In previous editions of the Charticle, we've examined how Disney manages to simultaneously promote its movie releases and generate significant revenues through its mobile gaming offerings.
Temple Run: Brave, for instance, was developed with Imangi Studios to promote Pixar's CG movie.
Despite the fact that Temple Run found success as a free-to-play game, this new installment charged players 99c up front and still managed to peak at #3 in the US top grossing apps chart.
Now, Warner Bros. is looking to emulate Disney's success. This week, the company will release Injustice: Gods Among Us for home consoles a DC-themed fighting game from the makers of Mortal Kombat.
And in preparation, the company has launched an iOS version of the game that features similar beat-em-up action imbued with energy mechanics, collectible cards and a little bit of gacha.
To find out exactly how that combination has gone down with players, we examined the App Store data.
At launch, on 4 April 2013, Injustice shot straight into #4 on the US App Store's top free apps chart, behind Sonic Dash, Vine and Candy Crush Saga. 24 hours later, the game had reached pole position.
It remained the most downloaded free app on the App Store for two more days before installs began to drop off slightly.
They remain strong though at the time of writing, Injustice is sixth in the US App Store's top free games chart.
Analytics graph showing Injustice: Gods Among Us' performance on the US App Store's download charts. Analytics data courtesy of App Annie.
And according to Distimo estimates based on data from 13 April, the game is currently generating around 100,000 installs a day in the US alone.
Gods and money
So Injustice is certainly acquiring plenty of users helped, no doubt, by a number of featured spots from Apple, an association with DC Comics and Warner's marketing dollars.
But let's take a closer look at the monetisation.
Injustice's in-app purchases include energy packs and virtual currency packs.
Energy is expended each time you enter a bout, but refills over time, much like in CSR Racing, for instance. If a player wants a lengthy session with Injustice, they'll likely need to spend real money to recharge their characters' energy.
In-game currency, meanwhile, is earned through play albeit rather slowly and can be spent on characters cards and support cards. Support cards are generally cheaper and start at 3,000 coins, while the most expensive characters cards cost as much as 220,000 coins.
Some of the pricier characters on offer through the Injustice store
Injustice's in-game store charges $1.99 for a pack of 12,000 coins, $19.99 for a pack of 192,000 coins, and $99.99 for its largest currency pack which contains a whopping 1.5 million coins.
Gods do not throw dice
But rather than spending these coins directly on characters and support items, users are also able to spend them on booster packs that contain a semi-random selection of cards.
It's a system that shares much in common with the gacha mechanic found in certain Japanese card-battlers, although it's worth noting that this shouldn't be confused with the controversial 'complete gacha' system that attracted the attention of Japanese regulators in 2012.
These booster packs range in price from 8,000 to 100,000 coins and offer the tantalising prospect of getting valuable cards for considerably less than their in-store prices. But it's fundamentally a gamble, and you could, of course, be left with nothing but naff cards and regret.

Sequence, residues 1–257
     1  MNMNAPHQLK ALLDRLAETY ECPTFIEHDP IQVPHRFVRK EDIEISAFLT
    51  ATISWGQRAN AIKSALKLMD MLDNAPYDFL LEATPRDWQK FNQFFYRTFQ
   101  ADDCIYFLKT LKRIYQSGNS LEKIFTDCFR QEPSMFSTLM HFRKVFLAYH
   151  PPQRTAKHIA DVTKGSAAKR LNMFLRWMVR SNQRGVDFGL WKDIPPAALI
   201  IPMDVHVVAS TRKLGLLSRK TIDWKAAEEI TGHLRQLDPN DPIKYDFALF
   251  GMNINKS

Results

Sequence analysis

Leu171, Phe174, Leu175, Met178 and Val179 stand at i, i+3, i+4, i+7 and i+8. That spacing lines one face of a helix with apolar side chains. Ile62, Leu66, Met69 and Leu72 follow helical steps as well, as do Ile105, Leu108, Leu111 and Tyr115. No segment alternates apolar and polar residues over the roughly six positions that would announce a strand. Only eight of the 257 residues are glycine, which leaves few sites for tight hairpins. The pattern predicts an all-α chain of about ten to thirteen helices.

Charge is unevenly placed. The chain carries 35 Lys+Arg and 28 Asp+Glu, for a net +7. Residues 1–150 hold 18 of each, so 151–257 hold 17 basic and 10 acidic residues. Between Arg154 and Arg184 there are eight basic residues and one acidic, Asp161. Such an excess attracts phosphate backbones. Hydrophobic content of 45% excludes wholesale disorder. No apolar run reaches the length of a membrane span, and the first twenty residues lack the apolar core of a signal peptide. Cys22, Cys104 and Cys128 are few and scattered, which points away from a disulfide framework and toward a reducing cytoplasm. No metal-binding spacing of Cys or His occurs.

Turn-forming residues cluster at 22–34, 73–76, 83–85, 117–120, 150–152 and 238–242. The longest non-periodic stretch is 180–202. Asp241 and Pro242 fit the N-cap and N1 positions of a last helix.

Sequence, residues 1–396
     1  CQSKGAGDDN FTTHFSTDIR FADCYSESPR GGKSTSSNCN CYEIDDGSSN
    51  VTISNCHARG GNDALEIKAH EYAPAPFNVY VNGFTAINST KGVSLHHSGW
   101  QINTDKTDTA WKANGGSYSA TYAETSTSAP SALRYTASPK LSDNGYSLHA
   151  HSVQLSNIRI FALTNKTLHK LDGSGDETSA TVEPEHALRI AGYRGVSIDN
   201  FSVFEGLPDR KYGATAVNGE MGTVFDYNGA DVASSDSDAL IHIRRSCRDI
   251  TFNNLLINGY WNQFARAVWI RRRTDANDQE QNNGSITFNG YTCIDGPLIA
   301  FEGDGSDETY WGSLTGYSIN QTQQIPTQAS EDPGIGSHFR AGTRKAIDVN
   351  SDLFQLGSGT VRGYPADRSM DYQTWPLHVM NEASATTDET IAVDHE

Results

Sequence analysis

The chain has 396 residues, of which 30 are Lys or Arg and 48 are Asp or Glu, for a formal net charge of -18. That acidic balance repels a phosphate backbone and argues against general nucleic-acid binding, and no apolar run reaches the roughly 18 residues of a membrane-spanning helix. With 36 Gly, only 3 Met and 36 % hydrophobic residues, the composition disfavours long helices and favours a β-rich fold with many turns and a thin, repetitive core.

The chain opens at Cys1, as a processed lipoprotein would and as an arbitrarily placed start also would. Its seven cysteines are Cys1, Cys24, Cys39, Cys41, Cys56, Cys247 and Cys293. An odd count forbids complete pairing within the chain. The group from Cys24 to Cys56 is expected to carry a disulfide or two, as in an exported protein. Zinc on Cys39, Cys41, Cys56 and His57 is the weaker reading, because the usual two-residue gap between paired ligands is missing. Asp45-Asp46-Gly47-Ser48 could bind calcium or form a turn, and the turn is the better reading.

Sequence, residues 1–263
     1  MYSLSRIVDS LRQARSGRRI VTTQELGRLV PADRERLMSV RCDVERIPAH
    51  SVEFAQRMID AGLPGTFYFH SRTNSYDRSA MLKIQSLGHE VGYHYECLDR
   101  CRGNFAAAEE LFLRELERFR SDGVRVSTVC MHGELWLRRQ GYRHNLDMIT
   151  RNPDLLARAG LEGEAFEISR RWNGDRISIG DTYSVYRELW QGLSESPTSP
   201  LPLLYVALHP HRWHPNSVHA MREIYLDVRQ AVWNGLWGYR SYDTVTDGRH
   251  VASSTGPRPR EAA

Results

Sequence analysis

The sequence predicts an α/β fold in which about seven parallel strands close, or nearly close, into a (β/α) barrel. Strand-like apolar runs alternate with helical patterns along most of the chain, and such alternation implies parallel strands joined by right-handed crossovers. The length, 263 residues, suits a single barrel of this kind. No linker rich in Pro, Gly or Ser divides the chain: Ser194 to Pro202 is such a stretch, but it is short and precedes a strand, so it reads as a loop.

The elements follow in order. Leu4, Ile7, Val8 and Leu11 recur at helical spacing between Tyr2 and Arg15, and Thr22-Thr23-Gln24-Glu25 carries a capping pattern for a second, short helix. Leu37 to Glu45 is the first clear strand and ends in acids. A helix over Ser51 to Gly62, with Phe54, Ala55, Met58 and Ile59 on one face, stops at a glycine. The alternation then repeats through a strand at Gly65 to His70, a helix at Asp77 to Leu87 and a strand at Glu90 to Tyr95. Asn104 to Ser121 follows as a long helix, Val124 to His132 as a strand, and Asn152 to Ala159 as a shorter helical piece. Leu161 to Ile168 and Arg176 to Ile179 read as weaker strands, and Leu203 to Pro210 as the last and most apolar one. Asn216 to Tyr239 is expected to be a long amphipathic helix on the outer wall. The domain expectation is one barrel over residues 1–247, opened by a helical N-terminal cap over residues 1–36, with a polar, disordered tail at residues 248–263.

As if all that wasn't enough, Injustice also features cross-platform compatibility with the forthcoming home console game. iOS players can unlock items in the console version of Injustice and vice versa giving additional incentive for players to open their wallets.
So there are some interesting monetisation mechanics at work here, and they seem to be working well for Warner Bros.
By 6 April, Injustice had broken into the top ten grossing games on the US App Store, where it's remained ever since, hovering between #6 and #9 in the rankings for more than a week so far.
Analytics graph showing Injustice: Gods Among Us' performance on the US App Store's top grossing charts.
According to estimates provided to PocketGamer.biz by Distimo, Injustice's revenue total for the US App Store surpassed $1 million on Friday 13 April, just nine days after its launch in the region.
Considering the fact that Injustice has penetrated the top 10 grossing games chart in more than 40 countries worldwide, it seems safe to speculate that it's brought in considerably more revenue than that to date all while generating interest in its console sibling.
And that's the key point here. By tying these two games together, Warner Bros. has created some powerful cross-promotion opportunities.
The cross-platform compatibility, for instance, creates incentives for iOS Injustice players to pick up the console game, and for console gamers to download the iOS version even if they might not have otherwise bothered.
And even if Injustice for iOS wasn't sitting in the upper echelons of the top grossing charts, it would have had value as a promotional tool marketing a console game to its substantial playerbase.
But with an overlapping system of monetisation mechanics and game design, Warner has effectively made what could have been a pricey marketing tool into a money spinner in its own right.
A note on the methodology of Distimo estimatesDistimo AppIQ provides download and revenue estimations for any app worldwide, based on daily sampling of transactional app data (>3 billion downloads / quarter) and publicly available information.
When calculating downloads and revenues for individual apps, Distimo's unique methodology excludes that app's transactional data from the analysis to preserve the confidentiality of their users' data.
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